Mayor hopefuls agree: Market Fitchburg better
UPDATED: 10/30/2015 08:49:27 AM EDT
FITCHBURG -- Voters got the chance to take another look at mayoral candidates Andrew Couture and state Rep. Stephen DiNatale during a forum held by North of Main and Main Street Thursday evening at Destaré.
And both candidates had much to agree on.
The event, which was co-sponsored by ReImagine North of Main and Fitchburg Pride, had Couture and DiNatale answer seven prepared questions before taking any from the audience.
They involved how to better market the city, their thoughts on a one-lane Main Street, how to address homes being financially underwater, engaging residents, creating a business-friendly environment, using departments to improve quality of life, and utilizing the creative economy.
Couture spoke first, and throughout his remarks, he stressed getting businesses into the city.
"Start reinvesting in Fitchburg," he said. "We need to start marketing the city. I want to get Fitchburg in publications -- business publications, business journals."
As mayor, he would hold an open-door policy for both residents and businesses, he said.
"I can't do anything if I don't know about the problem that you're having," he said.
He said he'd also like to streamline the process for getting businesses into Fitchburg.
"Don't just put up walls," he said. "By making it easier for businesses, you're going to see businesses develop here."
He suggested, too, having a "business of the month" as a way to recognize businesses for their loyalty to the city.
City Hall also needs to be "more accessible, more approachable," he said, stressing that Fitchburg's website should be re-done.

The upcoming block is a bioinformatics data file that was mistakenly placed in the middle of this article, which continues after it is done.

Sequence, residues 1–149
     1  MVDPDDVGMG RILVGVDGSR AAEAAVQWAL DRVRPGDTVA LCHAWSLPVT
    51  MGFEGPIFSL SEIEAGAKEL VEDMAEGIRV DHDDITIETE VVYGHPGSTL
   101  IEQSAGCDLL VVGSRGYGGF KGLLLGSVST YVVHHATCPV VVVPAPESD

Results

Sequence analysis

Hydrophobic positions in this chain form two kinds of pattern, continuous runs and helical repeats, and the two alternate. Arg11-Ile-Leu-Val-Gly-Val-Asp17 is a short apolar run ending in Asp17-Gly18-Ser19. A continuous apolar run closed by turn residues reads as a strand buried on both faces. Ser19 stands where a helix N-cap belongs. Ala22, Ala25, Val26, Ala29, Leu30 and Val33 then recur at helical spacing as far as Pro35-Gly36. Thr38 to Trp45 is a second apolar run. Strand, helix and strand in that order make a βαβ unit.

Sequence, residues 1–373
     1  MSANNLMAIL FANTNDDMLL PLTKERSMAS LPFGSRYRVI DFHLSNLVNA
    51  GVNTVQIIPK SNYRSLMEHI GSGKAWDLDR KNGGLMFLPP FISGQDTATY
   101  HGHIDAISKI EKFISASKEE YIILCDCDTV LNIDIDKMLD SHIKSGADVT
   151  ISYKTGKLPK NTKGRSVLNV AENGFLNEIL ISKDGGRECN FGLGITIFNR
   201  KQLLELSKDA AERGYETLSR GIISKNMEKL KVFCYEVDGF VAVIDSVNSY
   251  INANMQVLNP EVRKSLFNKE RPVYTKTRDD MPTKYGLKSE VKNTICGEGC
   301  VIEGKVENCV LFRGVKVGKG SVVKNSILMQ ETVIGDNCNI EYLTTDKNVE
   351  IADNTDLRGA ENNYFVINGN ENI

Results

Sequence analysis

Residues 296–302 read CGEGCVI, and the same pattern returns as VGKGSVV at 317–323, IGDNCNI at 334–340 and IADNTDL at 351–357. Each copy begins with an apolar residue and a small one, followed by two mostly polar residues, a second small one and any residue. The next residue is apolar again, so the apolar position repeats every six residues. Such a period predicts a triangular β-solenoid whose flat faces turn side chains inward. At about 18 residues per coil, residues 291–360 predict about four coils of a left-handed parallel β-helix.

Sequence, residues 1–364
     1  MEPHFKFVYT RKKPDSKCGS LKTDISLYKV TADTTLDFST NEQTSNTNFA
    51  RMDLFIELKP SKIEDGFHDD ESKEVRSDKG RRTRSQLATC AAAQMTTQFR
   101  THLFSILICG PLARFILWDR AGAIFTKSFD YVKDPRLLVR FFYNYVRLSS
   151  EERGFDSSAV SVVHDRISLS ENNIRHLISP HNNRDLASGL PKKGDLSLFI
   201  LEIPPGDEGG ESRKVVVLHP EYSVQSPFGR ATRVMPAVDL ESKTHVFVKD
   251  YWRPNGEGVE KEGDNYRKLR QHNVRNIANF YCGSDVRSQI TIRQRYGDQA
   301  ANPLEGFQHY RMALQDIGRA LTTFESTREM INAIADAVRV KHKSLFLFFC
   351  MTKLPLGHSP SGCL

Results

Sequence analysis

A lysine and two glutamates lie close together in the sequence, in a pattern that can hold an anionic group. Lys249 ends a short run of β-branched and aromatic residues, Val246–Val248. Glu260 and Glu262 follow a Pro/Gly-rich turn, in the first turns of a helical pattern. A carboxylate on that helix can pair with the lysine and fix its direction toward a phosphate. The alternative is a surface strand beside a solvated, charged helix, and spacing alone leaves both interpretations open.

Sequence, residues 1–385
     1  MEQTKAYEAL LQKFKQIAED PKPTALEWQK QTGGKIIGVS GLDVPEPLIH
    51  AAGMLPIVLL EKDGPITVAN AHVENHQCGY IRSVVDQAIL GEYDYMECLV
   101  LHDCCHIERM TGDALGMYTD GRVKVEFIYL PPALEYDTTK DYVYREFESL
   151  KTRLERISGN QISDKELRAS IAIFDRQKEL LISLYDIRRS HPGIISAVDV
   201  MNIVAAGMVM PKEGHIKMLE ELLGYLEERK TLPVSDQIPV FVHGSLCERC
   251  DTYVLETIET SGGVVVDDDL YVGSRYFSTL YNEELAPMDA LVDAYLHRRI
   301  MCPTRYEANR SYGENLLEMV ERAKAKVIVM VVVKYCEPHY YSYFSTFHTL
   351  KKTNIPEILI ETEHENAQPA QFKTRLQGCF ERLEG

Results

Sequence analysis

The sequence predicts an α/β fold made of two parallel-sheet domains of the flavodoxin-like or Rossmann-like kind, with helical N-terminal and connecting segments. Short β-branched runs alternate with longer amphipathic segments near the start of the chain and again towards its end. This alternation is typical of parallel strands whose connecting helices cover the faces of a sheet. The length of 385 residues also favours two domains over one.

In terms of the creative economy, he cited the B.F. Brown artist colony project as something that is "really good." There should also be more bookstores and coffee shops in the city.
"We need to start working with businesses to get the creative economy going," he said.
DiNatale also said it's important to reinvest in Fitchburg and to be business-friendly.
As mayor, he said he'd work to promote economic development by increasing the commercial and industrial tax base through rezoning, and he'd use some of the relationships he's made on Beacon Hill to help the city.
"The mayor has to be the chief marketer, and I would commit to that," he said.
He'd also hold an open-door policy, and he, like Couture, stressed the approachability of City Hall.
"Our goal must be to get to yes," he said. "The mayor must set the example for a cultural change within City Hall and all city departments. And that culture change is based on a simple phrase: Be nice. Just be nice."
DiNatale said Fitchburg's website "must be emphasized."
"We have to make this website user-friendly," he said.
Another goal, he said, is to remove "onerous regulations and red tape."
All of this, he said, is about "true customer service."
"Our door is open for business," he said. "City Hall must be approachable."
He also praised the BF Brown project, pointing out that it will likely generate new businesses: shopping, dining, walking areas, places where people will want to come downtown.
During the audience question-and-answer period, both candidates heard from City Councilor Joel Kaddy, who asked them about opening up parking downtown, and both agreed it was something that should be addressed.
When asked about the forum, Patricia Pistone, project director of ReImagine North of Main, said she thought it was "great," calling it "very upbeat, positive."
"Our purpose tonight was to educate," she said.
Destaré owner Chris Iosua, there on behalf of Pride, said both candidates "did an exceptional job."
Elections are Tuesday, Nov. 3.
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